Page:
Author Salman Rushdie

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photoSalman Rushdie has been an international figure for a quarter of a century now, since the 1981 publication of his acclaimed "Midnight's Children." He's been a fixture on bookshelves, on Op-Ed pages around the world, and on podiums speaking up, essentially, for freedom.

Rushdie became a household name in 1989 when Iran's Ayotollah Khomeini issued a fatwa, saying it was the duty of Muslims to kill Rushdie for blasphemy against Islam. But Rushdie is still here, critiquing, mocking, and illuminating the lives and lies of both the West and the Islamic world.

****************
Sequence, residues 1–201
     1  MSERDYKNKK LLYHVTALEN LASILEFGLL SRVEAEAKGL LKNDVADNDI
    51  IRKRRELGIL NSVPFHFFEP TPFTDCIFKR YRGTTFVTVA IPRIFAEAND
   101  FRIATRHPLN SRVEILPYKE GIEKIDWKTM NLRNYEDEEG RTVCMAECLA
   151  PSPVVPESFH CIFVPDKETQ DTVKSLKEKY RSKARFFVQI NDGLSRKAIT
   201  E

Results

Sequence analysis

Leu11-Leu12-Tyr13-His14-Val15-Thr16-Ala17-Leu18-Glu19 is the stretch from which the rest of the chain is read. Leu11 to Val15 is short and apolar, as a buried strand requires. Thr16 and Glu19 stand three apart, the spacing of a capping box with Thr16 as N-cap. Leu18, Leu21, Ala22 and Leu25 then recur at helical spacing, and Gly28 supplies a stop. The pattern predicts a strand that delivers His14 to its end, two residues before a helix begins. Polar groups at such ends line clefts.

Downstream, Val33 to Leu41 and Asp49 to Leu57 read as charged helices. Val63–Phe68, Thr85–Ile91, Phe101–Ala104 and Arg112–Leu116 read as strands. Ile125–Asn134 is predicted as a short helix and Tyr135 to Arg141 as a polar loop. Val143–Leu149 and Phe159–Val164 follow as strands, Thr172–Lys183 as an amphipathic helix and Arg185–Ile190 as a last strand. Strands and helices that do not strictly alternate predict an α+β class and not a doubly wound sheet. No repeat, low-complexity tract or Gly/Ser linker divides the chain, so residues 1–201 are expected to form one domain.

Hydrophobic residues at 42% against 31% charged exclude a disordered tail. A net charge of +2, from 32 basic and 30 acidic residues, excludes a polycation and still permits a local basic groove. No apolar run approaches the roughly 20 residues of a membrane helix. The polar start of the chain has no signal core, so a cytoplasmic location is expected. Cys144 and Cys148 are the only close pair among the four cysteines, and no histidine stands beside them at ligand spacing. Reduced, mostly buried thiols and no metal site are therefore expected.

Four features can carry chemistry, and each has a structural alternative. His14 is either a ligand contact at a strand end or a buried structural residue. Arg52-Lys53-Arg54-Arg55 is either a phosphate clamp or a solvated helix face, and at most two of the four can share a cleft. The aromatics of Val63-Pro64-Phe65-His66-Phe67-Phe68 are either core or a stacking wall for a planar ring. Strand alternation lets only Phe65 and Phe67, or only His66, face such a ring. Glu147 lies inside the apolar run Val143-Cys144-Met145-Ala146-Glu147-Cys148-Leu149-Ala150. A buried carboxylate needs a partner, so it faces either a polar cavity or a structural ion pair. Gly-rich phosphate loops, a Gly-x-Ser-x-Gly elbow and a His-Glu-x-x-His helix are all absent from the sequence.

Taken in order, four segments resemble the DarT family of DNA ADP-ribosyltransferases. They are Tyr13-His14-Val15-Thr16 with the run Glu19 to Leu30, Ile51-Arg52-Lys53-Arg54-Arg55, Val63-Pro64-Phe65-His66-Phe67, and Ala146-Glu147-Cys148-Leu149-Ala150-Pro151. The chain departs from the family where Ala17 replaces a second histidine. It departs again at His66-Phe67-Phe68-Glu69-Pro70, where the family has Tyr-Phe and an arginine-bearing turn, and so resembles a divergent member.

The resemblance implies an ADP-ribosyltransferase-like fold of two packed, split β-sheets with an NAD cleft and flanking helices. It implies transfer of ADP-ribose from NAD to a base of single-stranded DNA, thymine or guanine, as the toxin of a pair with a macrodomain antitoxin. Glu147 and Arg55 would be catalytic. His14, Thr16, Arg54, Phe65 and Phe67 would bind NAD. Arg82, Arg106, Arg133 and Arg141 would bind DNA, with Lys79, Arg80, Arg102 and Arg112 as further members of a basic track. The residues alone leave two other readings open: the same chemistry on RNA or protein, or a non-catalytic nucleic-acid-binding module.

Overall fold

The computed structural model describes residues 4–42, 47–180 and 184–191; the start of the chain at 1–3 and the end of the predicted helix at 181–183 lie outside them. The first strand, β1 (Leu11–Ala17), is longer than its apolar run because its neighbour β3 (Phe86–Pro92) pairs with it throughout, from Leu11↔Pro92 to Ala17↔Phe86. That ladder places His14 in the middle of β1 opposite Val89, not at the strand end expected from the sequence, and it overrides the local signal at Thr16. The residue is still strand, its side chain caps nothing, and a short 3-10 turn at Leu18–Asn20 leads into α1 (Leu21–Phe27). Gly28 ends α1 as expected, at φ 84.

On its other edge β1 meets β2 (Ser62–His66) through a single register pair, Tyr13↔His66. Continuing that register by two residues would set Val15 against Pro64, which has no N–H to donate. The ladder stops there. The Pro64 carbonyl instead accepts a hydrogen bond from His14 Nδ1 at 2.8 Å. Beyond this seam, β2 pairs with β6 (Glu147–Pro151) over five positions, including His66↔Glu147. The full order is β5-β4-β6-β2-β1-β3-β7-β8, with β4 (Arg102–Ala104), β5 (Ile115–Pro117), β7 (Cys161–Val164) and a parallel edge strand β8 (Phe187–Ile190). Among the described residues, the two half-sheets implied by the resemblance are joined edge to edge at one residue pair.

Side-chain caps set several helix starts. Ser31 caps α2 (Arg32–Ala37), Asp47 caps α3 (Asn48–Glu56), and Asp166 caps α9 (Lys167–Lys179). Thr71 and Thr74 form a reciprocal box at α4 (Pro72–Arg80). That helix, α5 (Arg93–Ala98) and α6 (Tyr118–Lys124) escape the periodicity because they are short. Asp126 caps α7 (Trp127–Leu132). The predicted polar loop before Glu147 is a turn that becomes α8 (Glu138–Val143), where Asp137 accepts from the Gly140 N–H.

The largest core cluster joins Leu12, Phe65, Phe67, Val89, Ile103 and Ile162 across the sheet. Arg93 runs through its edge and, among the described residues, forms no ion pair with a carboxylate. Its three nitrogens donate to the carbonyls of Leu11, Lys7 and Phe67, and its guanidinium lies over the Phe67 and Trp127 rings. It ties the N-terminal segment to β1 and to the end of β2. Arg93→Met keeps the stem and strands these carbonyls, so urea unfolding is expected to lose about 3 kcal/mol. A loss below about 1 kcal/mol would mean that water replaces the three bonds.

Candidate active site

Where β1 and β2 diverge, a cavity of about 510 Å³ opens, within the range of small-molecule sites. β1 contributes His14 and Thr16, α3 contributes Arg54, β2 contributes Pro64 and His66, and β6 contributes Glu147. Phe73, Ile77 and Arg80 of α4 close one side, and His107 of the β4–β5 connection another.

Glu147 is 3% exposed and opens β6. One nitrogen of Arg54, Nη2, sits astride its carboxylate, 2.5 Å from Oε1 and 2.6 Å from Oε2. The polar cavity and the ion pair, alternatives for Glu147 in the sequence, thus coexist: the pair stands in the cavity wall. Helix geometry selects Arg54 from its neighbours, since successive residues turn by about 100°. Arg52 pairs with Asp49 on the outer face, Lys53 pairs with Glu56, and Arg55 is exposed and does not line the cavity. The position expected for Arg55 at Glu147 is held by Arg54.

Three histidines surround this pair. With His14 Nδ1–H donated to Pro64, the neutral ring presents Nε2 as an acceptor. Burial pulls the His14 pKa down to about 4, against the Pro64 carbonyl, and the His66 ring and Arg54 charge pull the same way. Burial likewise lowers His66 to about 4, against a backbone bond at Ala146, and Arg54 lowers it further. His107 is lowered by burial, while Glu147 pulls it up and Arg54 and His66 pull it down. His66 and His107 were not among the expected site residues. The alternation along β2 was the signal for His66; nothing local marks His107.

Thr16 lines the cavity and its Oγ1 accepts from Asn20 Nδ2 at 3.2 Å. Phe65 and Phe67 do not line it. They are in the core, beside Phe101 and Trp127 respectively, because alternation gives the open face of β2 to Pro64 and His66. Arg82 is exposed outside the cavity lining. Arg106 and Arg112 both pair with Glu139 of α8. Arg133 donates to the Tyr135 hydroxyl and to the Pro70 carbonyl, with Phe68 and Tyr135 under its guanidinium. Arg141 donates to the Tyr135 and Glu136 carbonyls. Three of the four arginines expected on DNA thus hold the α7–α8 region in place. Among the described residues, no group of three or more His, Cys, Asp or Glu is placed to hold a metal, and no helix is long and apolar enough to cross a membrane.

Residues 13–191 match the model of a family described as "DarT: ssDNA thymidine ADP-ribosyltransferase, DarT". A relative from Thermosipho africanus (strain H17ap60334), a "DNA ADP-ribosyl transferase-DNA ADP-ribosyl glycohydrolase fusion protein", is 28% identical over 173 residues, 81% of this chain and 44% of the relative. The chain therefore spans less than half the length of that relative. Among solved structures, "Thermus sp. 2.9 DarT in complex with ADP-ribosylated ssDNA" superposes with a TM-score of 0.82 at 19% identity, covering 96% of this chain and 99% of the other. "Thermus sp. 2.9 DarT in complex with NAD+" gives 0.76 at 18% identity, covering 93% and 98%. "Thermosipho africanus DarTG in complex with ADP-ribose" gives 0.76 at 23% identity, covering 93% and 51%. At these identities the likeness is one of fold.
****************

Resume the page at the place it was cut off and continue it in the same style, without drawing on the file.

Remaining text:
His new novel, "Shalimar the Clown," is a love song and a rage over the destruction of the paradise of his youth, Kashmir. Rushdie takes on Islam, when it forgets to be tolerant, America, when its ideals are betrayed by its actions, and most of all, Muslims and Hindus, governments and guerillas who destroyed an oasis of tolerance.

Hear a conversation with Salman Rushdie about his new book.


Salman Rushdie, author of "Shalimar the Clown."

This program aired on September 27, 2005.


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